• • •
This is terrible. Truly not good, on every level. So bad it makes me almost never want to drink again. We can start with the boring, basic, nothing theme. Let me get this straight—the theme is ... toasts. That's it. Just toasts. And there are just four of them (?). Four ... toasts from around the world. Oh, and then a "formal" and an "informal" ... toast (in English). These latter toasts are at least mildly colorful, but still ... toasts. And the revealer ... wow. Like most of this puzzle, it is out of the past (and not in the good, film noir way). I have no idea what "The Student Prince" is. None. Never seen the movie, wasn't alive during Prohibition to see the operetta. No idea. Didn't matter, as the answer was obvious, but how ridiculous to have a revealer that old and marginal, and on a Wednesday.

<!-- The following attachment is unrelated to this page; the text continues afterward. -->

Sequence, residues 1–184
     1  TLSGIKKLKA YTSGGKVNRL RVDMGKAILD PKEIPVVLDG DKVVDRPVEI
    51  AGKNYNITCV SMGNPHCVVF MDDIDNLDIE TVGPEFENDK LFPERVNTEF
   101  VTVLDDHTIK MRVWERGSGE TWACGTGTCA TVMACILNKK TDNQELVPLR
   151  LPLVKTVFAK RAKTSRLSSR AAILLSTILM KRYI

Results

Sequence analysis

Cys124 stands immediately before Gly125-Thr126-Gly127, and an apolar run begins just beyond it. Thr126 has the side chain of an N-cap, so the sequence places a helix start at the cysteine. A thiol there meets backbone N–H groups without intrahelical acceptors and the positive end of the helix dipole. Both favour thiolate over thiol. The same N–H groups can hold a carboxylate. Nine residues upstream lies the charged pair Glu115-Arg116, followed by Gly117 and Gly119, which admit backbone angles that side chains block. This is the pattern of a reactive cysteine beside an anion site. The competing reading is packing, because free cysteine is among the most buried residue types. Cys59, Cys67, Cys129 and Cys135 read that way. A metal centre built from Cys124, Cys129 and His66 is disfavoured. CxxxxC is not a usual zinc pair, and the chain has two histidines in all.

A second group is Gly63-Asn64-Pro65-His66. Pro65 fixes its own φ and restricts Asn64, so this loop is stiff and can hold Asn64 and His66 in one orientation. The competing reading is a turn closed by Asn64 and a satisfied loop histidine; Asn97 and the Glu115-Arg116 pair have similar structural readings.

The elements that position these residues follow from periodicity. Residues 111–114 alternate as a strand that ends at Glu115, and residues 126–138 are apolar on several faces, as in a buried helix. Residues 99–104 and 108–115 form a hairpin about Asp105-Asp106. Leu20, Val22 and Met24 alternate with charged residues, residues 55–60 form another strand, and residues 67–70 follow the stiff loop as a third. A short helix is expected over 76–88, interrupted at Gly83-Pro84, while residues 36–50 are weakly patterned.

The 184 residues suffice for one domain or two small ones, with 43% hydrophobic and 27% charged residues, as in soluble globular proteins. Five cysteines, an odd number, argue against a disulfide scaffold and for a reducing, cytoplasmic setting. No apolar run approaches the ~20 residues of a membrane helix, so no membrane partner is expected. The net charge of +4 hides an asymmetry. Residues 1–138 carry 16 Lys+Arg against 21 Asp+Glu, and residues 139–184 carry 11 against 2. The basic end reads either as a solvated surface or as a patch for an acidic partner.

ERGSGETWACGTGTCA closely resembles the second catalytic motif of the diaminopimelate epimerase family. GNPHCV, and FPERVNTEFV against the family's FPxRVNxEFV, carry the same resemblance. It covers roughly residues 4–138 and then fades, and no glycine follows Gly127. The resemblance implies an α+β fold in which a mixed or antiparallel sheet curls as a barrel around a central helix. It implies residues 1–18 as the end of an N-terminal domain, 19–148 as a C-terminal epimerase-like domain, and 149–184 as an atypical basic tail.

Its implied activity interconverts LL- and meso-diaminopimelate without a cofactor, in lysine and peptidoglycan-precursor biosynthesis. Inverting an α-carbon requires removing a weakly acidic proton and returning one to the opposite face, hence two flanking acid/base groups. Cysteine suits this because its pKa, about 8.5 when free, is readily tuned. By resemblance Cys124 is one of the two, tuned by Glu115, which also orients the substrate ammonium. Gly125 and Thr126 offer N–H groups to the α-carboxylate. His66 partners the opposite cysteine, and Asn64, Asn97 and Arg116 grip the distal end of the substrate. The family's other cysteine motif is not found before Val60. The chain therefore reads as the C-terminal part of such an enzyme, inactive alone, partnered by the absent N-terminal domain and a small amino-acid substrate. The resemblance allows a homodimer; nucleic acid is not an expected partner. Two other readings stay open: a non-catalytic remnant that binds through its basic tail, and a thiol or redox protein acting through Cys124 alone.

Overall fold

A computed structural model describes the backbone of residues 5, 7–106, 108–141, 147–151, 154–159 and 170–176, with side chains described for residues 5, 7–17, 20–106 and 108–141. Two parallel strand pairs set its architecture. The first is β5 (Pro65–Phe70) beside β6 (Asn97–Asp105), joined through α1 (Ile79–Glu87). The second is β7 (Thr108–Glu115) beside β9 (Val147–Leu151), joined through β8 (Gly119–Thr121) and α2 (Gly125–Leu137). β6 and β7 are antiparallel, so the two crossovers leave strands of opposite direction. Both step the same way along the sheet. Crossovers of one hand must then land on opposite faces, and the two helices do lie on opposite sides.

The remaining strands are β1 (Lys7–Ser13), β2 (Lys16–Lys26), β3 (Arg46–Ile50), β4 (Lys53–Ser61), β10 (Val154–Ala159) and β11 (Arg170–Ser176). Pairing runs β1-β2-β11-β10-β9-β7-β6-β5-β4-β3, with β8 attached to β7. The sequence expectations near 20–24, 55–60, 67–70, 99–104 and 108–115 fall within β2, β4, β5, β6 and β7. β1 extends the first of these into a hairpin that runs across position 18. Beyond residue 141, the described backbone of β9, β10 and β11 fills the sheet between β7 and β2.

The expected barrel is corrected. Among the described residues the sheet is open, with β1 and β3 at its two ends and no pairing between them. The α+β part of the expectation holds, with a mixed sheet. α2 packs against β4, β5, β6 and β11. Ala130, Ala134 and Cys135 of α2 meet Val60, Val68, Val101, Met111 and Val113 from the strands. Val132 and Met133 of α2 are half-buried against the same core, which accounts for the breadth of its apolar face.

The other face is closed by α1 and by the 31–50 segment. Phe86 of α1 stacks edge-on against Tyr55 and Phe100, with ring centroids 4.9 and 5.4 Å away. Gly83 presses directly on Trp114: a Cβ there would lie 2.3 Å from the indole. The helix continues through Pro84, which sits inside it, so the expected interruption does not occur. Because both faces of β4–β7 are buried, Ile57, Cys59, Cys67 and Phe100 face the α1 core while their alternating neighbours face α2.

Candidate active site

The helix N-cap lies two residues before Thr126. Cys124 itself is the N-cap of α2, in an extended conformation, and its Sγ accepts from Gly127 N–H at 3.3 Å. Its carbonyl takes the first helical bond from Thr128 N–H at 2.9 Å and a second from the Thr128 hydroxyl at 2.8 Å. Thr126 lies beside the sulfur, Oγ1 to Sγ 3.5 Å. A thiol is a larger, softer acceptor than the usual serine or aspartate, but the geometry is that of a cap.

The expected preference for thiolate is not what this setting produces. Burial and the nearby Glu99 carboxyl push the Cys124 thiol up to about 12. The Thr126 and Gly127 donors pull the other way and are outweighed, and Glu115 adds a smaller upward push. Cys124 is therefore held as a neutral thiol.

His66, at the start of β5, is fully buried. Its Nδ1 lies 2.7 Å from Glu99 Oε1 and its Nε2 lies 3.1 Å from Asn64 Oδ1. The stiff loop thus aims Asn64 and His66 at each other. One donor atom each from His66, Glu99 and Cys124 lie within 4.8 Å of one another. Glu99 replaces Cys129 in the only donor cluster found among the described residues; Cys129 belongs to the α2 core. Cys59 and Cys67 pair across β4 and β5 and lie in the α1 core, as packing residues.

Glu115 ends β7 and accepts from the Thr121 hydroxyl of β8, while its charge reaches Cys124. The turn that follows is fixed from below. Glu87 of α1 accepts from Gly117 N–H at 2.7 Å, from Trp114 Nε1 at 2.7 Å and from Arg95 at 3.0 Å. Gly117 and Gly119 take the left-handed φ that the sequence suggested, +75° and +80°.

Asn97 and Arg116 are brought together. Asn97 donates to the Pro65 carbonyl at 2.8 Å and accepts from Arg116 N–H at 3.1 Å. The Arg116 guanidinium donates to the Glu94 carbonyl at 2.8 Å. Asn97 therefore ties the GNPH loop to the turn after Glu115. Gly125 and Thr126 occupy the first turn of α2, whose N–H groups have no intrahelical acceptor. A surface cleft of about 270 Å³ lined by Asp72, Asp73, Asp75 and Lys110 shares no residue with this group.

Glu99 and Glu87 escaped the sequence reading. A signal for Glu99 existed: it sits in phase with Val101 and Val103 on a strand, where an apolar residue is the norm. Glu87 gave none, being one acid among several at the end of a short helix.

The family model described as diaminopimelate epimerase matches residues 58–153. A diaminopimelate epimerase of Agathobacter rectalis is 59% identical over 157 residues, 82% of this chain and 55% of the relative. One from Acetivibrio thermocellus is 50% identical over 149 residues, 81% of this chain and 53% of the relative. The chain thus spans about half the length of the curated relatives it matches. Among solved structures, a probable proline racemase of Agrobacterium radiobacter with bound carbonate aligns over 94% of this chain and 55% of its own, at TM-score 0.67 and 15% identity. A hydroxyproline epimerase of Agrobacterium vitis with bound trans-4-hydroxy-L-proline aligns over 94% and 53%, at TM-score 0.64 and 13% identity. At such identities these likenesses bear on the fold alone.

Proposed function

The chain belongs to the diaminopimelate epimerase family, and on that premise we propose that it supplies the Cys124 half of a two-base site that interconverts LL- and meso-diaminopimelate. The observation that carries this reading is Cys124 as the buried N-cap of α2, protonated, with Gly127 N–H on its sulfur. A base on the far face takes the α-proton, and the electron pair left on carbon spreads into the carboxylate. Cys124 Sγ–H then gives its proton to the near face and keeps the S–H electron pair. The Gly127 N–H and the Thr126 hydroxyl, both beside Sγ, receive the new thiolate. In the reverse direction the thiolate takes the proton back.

Speaking of old and marginal, let's move on to the other reason this puzzle is bad—the fill. I thought we'd finally gotten rid of much of this junk: KCAR? ROK? IDI? ARNE? *&$^ing ALER!? Gah, this is a mess. A mid-20th-century mess. A NEHRU jacket-era mess. Then there's the truly-bad-in-any-era EMAC (40A: Early 2000s Apple product) and SERIE (59A: Something to watch on la télé). Then there's merely bad ALTOS IMIT HOSP. Then there's the complete lack of anything interesting (besides maybe REDSHIRT) (35D: Hold aside for a year, as a college athlete). I mean, C'MON, man. Round these undead answers up and send them back to the tombs whence they came. In the end, the puzzle's only virtue was its short life span—I drove a stake through its heart in less-than-Tuesday time.

Signed, Rex Parker, King of CrossWorld